With no choice but to struggle
How could I have time to dispute truth and fiction?

Are you a lover or an enemy?
The more earnest I am, the more my body is covered in scars
Are you a lover or an enemy?
Why is it that happiness seems like a stranger?

Do you love me?
Could it be that heaven and hell have no time difference?
Might as well go crazy
So you won’t have to feign ignorance for me anymore

Are you a lover or an enemy?
Until what point will we keep loving and hating?
Are you a lover or an enemy?
Our hearts must shatter before it’s considered excessive

Let it go
Just admit that you and I can’t give anything
In the end, we are deficient
Of ways to not grieve over tears

Are you a lover or an enemy?
Are you heartless or my destiny?
Are you an instant or eternity?
Are you naive or cruel?

The Fanart

The Background: My original plan was to draw Juliette and/or Roma. However, when I was shopping got groceries at Walmart one day, I saw some packets of beads with color schemes that I thought were perfect for These Violent Delights, and it inspired me to make some earrings based on the characters instead.

The Process: This was my very first time ever making jewelry, so I had to buy some basic jewelry making supplies, including pliers, wire cutters, pins and earring hooks, etc. in addition to the 2 sets of assorted beads. After consulting a few tutorials on YouTube, I got to work stringing beads on the pins and opening and closing loops to attach stuff to the pins and attach the pins to the earring hooks. The results are pictured below. You can’t tell from the photos, but the loops at the bottom, from which the tassels are hanging, are extremely badly formed/ugly, but it’s my first time, so I won’t give myself too much grief over it. Considering how cheap the supplies were, they don’t look too shabby, in my opinion.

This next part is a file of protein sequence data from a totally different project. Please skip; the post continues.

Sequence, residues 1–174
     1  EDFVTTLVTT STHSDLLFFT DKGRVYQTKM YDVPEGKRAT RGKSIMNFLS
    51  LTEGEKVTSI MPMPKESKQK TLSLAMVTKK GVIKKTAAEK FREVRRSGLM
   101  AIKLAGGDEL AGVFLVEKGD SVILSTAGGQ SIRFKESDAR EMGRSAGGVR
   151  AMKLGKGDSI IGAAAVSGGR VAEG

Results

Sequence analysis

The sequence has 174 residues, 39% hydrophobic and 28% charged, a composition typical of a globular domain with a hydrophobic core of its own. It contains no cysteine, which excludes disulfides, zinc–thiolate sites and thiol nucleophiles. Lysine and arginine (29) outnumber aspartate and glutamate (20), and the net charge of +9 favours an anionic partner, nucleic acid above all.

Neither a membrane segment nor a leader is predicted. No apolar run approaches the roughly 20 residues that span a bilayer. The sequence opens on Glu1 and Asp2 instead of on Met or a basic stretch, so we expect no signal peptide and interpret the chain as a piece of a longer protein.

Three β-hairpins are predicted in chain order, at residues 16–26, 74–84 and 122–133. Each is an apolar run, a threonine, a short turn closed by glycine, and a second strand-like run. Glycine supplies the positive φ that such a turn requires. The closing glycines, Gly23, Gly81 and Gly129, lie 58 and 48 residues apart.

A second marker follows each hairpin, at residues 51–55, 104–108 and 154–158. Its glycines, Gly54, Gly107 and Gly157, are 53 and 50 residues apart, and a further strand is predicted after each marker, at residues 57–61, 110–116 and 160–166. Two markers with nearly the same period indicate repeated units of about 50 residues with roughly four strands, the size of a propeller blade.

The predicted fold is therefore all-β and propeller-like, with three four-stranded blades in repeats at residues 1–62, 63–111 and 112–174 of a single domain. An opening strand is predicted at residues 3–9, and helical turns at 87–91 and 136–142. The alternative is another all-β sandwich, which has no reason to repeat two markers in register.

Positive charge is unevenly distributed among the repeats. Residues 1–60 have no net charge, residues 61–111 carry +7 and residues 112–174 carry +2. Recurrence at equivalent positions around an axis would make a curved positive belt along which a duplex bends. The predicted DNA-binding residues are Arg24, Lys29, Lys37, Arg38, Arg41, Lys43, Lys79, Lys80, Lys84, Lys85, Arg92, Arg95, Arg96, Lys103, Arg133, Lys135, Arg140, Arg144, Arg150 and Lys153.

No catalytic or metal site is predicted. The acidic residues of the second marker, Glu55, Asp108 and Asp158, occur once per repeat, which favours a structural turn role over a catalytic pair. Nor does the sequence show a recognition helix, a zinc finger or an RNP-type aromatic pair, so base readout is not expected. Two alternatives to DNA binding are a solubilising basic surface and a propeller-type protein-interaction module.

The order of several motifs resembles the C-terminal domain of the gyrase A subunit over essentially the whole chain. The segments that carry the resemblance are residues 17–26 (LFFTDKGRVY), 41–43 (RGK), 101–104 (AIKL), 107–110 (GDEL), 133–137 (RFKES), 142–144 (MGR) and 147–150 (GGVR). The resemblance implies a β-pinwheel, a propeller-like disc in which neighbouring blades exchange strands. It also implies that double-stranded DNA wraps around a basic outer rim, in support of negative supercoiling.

The Result:

The pair on the left is for the Juliette and the Scarlet Gang while the pair on the right is for Roma and the White Flowers.

[Blog Tour] Review for These Violent Delights by Chloe Gong+Giveaway

I am slightly late because school is kicking my butt, but I’m excited to present my review for the These Violent Delights blog tour hosted by Shealea at Caffeine Book Tours. The countdown to this release was a long one, but the wait is over! Stay tuned after my review for a TVD-inspired playlist and some fanart (specifically, DIY jewelry I made!) in a separate post.

Title: These Violent Delights
Author: Chloe Gong
Publisher: Simon & Schuster
Publication date: 17 November 2020
Age Group/Genres: Young Adult, Historical

Synopsis:

Synopsis:

The year is 1926, and Shanghai hums to the tune of debauchery.

A blood feud between two gangs runs the streets red, leaving the city helpless in the grip of chaos. At the heart of it all is eighteen-year-old Juliette Cai, a former flapper who has returned to assume her role as the proud heir of the Scarlet Gang—a network of criminals far above the law. Their only rivals in power are the White Flowers, who have fought the Scarlets for generations. And behind every move is their heir, Roma Montagov, Juliette’s first love…and first betrayal.